THE CITIZEN BUREAU | 1 SEPTEMBER, 2014
Three Developments And Five Questions: Advantage, Pakistan Army
Protesters in Islamabad stay the course
NEW DELHI: The situation in Pakistan has escalated into a confrontation between the Opposition and the government that few had predicted, or taken seriously, when leaders Imran Khan and cleric Tahir ul Qadri started the march to Islamabad for the ouster of the Nawaz Sharif government. It has now assumed proportions that are giving democratic Pakistan nightmares of an army coup, as both sides are refusing to blink in this confrontation and are relying heavily on the Army Chief General Raheel Sharif to restore peace in Pakistan.
Three major developments after the Army stepped in to mediate have changed the dynamics of this protest. One, the clash between the protesters and the police that led to the death of three with hundreds injured. This has given a serious dimension to the protest, with hardened cynics now accepting that Khan and Qadri had not organised the protest for attention but were serious about their demands. However, many in Pakistan feel that they were compelled by circumstances to become serious, given the derision in the media because of which they could not have withdrawn losing face and political standing in the country.
Two, the announcement by MQM’s Altaf Hussain that he would join the protest. The MQM had raised questions about the bonafides of the protest, then tried to mediate, and now has blamed the Sharif government for not talking with sincerity. Hussain has said that the MQM workers would join the protest if the impasse continued. Muttahida Qaumi Movement leader Dr Farooq Sattar has said that his party will have no option but to take to the streets if crackdown on protesters continues in Islamabad.
He told reporters that by using force the government had ruined MQM efforts to end the crisis peacefully.
He asked the government to stop using state power against the protesters who he said were exercising their constitutional and legal right. “We are already under immense pressure and we would be compelled to take to the road if the government action against protesters continues.” Sattar said that the MQM would announce its plan of action soon.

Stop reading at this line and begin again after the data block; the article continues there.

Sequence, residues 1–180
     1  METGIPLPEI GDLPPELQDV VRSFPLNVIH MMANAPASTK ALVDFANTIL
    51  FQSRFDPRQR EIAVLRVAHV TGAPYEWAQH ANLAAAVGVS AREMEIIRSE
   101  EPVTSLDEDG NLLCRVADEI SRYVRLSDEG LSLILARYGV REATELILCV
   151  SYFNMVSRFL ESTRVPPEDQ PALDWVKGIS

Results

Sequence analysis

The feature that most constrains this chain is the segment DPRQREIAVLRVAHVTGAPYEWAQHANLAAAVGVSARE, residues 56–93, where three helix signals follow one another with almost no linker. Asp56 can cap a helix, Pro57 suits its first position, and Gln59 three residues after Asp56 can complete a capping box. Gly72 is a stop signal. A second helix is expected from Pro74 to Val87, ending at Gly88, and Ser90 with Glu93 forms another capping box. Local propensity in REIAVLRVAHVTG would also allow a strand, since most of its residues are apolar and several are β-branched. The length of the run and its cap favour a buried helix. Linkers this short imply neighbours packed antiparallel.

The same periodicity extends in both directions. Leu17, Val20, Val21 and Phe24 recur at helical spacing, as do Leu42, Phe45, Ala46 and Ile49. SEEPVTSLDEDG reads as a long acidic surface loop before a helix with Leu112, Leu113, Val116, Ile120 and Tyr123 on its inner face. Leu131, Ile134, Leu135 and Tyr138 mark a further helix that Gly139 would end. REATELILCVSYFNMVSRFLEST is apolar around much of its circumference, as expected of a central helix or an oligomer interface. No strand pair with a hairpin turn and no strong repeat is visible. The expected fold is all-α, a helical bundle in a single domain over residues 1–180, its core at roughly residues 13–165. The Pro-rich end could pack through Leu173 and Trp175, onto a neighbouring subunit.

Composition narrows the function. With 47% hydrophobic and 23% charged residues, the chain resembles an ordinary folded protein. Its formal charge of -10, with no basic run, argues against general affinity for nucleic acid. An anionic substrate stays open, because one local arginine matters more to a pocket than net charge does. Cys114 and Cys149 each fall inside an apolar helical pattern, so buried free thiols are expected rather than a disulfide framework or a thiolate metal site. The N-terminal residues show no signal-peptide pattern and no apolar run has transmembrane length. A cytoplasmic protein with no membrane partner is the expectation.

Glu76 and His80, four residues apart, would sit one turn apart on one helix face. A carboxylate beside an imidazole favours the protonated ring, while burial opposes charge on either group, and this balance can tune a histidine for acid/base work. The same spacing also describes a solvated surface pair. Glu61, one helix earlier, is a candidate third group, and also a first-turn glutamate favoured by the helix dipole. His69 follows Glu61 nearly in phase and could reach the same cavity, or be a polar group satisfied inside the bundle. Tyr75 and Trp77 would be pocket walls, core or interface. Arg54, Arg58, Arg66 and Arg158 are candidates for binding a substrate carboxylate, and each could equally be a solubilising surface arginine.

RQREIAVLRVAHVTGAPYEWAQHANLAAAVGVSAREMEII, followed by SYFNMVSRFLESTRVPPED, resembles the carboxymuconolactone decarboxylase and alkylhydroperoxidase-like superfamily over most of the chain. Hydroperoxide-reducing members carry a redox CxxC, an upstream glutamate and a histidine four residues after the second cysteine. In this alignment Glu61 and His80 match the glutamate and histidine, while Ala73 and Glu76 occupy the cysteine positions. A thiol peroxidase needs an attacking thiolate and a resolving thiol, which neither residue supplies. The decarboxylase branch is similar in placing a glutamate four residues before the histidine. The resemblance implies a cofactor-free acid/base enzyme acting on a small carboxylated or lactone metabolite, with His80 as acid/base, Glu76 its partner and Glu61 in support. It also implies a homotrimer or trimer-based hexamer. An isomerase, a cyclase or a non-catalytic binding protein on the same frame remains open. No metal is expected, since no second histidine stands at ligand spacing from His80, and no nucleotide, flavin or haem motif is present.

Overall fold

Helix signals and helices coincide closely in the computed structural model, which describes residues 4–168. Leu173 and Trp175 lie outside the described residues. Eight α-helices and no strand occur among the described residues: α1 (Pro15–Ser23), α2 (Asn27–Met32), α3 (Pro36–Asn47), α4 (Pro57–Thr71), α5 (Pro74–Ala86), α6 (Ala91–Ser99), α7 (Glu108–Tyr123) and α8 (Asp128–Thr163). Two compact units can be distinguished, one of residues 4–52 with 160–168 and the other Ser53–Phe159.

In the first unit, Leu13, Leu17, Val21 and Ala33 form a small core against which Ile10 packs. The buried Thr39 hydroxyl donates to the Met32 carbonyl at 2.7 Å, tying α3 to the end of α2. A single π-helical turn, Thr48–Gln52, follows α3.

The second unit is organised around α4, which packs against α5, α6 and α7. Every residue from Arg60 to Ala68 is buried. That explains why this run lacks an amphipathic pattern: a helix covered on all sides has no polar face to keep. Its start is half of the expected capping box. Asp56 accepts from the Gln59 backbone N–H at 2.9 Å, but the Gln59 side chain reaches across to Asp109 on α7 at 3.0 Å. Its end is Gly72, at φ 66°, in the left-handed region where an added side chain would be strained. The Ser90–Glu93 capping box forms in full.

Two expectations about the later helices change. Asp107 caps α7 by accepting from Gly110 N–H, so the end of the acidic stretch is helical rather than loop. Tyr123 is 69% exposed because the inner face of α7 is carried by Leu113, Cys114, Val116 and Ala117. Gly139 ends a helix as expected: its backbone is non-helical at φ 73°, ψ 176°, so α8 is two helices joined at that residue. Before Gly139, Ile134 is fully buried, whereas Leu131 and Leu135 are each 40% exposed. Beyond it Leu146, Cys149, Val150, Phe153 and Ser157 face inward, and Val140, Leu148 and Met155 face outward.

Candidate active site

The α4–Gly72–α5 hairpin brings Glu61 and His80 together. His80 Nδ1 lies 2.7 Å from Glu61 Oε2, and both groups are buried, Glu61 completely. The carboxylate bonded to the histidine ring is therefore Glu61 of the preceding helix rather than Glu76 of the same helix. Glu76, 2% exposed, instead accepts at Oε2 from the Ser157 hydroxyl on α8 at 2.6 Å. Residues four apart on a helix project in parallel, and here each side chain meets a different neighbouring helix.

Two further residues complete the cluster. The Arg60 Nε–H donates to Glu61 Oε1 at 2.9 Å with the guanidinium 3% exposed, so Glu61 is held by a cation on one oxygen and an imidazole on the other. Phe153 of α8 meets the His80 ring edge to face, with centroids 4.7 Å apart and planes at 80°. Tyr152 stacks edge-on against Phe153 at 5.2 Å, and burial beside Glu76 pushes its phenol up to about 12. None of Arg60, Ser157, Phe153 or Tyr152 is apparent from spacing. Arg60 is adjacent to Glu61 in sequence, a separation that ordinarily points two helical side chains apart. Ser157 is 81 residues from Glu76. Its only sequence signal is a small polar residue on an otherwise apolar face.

And three, the Army commanders met to discuss the present political situation and after a four hour meeting let it be known that they were wedded to democracy and not interested in direct power. After a lengthy four hour meeting at General Headquarters, the Pakistan Army corps commanders came out with a statement "reaffirming support to democracy" and reiterating that the current stand-off between the PML-N led government and the Pakistan Tehreek-I-Insaaf (PTI), Pakistan Awami Tehreek (PAT) needed a political solution.
The meeting, which was headed by Chief of Army Staff (COAS) General Raheel Sharif, saw the corps commanders reject "further use of force" in the crisis, an Inter-Services Public Relations (ISPR) press release stated.
The commanders also expressed "serious concern" over the violent turn of events in the federal capital.
"The Army remains committed to playing its part in ensuring security of the state and will never fall short of meeting national aspirations," the press release said.
The Dawn newspaper reported that General Raheel Sharif took the commanders into confidence over his meetings with Prime Minister Nawaz Sharif, PTI Chief Imran Khan and PAT Chief Tahirul Qadri last week.
The critical meeting was preponed given the intense speculation and worry in several sections in Pakistan about the possibility of a military takeover.
Significantly, the course of events raise more questions than these answer with many in Pakistan believing that the trajectory seems to be almost rehearsed and following a set pattern. The questions that political pundits and senior journalists in Pakistan have no real answers for are:
1. How is it that both Khan and Qadri began their movement at the same time, and without apparent consultation or coordination?
2. What was the trigger for the sudden decision to demand the resignation of the Nawaz Sharif government at this juncture? There was no direct provocation of the opposition by the government, and given the fact that electoral rigging is one of the main charges why did not Khan and Qadri raise the issue earlier?
3. Who asked the Army to mediate between the two sides? The government claims it did not. The Army insists it did.
4. The protesters attacked and took over Pakistan national television. The Army took it back, and now PTV is at the moment under Army control. Were they working in tandem?
5. Who benefits from this confrontation? The Sharif government has most certainly lost ground. Khan and Qadri have gained some, and lost some, with the assessment in polarised Pakistan fluctuating at the moment. The Army has gained particularly because of its seeming unwillingness to assume power, and its avowed commitment to a “political solution.”
The face off thus will give a decided edge to the Army and a space that it needs to regain lost footing in the areas of security and strategy. General Sharif knows that the mood of Pakistan is completely against military rule, and hence it is very likely that he will not be tempted to take over at this stage. The jostling that has assumed a more deadly hue with the death of three protesters will basically re-establish the control of the Army, with a weak and hence more pliable government in Islamabad.
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